In 2013, the editorial board of Science proclaimed cancer immunotherapy, in particular immune checkpoint therapy, as breakthrough of the year. Ever since, checkpoint inhibitors, such as monoclonal antibodies (mAbs) blocking programmed death-1 (PD-1) and its ligand PD-L1, are exploding in popularity. This is evidenced by the increasing amount of clinical trials testing mAbs, such as nivolumab and pembrolizumab, which antagonize PD-1, and atezolizumab, avelumab and durvalumab, which antagonize PD-L1. Although immune checkpoint blockade has already proven its merit, there are still several aspects that require further attention in order to fully capitalize on the potential of checkpoint blockade. One of these is to develop theranostics, antigen-binding moieties that enable (1) predicting which patients will or will not benefit from the treatment, (2) monitoring of patients during treatment and (3) more efficient treatment through improved tumor penetration and inhibition of PD-1/PD-L1
interactions. In this regard, we proposed to study single domain antibodies (sdAbs), the smallest fragment from Camelid antibodies, as novel checkpoint theranostics, because the single-domain nature of sdAbs offers many advantages over conventional mAbs. We developed and fully characterized sdAbs that target human PD-L1, resulting in the selection of a high affinity lead sdAb, referred to as K2. This sdAb has the unique trait that it shows low kidney retention and can be used as a theranostic. Using xenograft models and human PD-L1 engineered tumor cells, we showed that the 99m-Technetium labeled sdAb K2 could be used for noninvasive molecular imaging. Moreover, using several in-house established in vitro assays, we showed that sdAb K2 could be used to inhibit the binding of human PD-L1 to PD-1, and as such potentiate stimulation of antigen-specific T-cell responses. To further prove the potential of sdAb K2 as a novel theranostic with advantageous properties, we are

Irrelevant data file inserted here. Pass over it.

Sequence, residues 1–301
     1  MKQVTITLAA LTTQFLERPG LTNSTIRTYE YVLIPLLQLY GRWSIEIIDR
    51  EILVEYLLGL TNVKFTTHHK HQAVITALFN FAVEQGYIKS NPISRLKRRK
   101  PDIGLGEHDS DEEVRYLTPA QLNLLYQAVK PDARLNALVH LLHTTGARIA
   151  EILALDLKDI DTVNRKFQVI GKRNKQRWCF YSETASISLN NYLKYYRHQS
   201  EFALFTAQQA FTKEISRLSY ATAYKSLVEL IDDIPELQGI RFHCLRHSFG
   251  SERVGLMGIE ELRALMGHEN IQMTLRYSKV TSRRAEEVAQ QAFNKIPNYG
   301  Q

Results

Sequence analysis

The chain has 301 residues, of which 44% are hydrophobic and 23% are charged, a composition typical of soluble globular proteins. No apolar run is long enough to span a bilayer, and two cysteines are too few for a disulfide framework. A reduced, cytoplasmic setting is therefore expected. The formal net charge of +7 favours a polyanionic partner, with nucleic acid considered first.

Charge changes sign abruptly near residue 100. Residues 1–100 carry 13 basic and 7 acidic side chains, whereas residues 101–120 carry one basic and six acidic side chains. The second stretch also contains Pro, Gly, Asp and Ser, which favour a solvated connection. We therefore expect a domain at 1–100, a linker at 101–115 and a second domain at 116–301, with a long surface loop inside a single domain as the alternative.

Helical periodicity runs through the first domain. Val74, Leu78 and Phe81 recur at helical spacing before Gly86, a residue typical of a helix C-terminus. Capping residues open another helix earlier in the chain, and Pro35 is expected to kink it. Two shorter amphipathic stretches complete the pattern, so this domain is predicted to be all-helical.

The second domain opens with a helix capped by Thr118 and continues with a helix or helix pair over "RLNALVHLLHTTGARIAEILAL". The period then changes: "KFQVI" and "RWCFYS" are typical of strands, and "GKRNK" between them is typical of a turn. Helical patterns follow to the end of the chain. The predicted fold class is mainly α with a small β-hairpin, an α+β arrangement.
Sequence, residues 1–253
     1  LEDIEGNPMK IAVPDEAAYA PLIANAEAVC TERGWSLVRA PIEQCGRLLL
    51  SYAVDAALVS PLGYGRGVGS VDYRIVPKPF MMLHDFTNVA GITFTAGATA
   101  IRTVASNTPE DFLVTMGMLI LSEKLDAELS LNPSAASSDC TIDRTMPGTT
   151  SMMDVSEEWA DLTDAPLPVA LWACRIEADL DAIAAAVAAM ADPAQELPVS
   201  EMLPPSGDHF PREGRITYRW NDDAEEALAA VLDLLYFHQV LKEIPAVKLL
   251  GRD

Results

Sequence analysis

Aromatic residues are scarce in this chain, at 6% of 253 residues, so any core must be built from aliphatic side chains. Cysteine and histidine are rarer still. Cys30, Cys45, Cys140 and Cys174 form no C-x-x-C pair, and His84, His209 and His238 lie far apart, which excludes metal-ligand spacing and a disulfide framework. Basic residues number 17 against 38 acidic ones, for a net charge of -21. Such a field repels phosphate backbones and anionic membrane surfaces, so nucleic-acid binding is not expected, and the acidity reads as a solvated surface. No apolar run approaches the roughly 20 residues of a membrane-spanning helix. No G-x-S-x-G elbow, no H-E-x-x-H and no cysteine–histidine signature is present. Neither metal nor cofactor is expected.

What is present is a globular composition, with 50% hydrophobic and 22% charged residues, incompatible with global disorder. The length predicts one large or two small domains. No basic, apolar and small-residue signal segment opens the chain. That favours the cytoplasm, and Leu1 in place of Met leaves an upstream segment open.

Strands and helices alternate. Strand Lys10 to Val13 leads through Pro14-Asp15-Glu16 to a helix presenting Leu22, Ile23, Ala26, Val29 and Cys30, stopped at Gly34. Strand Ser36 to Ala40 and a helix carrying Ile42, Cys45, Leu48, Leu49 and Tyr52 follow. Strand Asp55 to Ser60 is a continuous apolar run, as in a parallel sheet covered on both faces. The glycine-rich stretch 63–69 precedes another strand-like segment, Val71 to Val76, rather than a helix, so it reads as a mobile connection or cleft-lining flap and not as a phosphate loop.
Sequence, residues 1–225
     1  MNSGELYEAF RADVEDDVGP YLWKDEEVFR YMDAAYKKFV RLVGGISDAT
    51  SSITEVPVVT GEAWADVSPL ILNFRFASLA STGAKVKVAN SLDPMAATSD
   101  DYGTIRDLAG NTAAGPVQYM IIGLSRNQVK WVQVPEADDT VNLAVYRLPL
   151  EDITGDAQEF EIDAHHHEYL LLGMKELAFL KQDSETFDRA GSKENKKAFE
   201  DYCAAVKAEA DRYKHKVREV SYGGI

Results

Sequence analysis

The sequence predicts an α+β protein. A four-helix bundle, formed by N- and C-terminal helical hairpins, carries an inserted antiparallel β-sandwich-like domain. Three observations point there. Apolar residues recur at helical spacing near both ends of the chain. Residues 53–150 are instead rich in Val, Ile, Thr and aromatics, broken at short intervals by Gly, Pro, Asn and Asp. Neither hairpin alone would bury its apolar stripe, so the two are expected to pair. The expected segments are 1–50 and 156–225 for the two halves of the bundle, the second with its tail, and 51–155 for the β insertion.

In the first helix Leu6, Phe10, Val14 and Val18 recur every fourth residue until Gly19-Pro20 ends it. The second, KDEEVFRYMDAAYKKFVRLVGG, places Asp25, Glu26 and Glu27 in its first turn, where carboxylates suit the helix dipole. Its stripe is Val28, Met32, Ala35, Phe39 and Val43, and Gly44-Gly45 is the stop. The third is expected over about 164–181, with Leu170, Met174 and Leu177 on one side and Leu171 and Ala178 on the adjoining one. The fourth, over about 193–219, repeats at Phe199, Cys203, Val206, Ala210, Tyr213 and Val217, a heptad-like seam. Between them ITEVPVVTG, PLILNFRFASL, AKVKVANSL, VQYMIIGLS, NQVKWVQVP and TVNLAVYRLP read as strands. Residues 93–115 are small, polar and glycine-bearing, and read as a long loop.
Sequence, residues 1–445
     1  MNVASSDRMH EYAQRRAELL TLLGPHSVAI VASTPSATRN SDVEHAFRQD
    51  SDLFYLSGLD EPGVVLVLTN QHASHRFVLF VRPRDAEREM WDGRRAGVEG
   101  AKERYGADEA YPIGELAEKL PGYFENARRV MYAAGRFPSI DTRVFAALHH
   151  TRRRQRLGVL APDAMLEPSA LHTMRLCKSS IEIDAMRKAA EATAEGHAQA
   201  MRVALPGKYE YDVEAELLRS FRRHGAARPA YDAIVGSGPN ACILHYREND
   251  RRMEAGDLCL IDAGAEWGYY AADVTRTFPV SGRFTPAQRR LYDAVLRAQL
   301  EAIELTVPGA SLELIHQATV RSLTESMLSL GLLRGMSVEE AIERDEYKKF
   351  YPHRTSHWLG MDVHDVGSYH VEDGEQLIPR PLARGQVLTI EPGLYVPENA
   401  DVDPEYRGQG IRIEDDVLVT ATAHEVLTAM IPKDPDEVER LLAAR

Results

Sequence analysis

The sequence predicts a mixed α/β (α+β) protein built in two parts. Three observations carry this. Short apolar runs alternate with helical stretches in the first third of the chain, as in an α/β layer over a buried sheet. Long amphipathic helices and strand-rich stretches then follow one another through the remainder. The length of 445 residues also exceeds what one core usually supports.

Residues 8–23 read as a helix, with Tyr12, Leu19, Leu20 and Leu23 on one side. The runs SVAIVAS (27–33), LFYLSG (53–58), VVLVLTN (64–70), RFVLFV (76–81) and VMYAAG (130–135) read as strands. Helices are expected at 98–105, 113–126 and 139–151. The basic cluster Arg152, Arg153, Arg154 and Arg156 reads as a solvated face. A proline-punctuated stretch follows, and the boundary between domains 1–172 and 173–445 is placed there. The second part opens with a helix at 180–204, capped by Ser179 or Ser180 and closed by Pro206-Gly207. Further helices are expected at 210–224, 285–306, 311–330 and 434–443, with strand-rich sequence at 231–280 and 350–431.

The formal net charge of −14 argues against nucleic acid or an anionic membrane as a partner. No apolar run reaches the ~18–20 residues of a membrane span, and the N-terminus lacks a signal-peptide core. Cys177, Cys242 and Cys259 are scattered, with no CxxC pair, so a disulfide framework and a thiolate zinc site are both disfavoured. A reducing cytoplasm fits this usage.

currently performing imaging studies using 68-Gallium or 18-Fluorine as radiolabels, because these are more relevant for clinical translation. Moreover, we aim to study whether we can detect human PD-L1 in a physiological relevant situation, i.e. upregulated on tumor cells in response to interferon-gamma (IFN-y) producing T cells, and if so whether the images are predictive for subsequent immune checkpoint therapy with either avelumab or sdAb K2. These experiments are the subject of the current project proposal, and are of utmost importance to support clinical translation ofsdAb K2.
Short titleNICHE
Effective start/end date1/01/1930/06/19

    Flemish discipline codes

  • Applied immunology
  • Medical imaging and therapy not elsewhere classified

ID: 39436215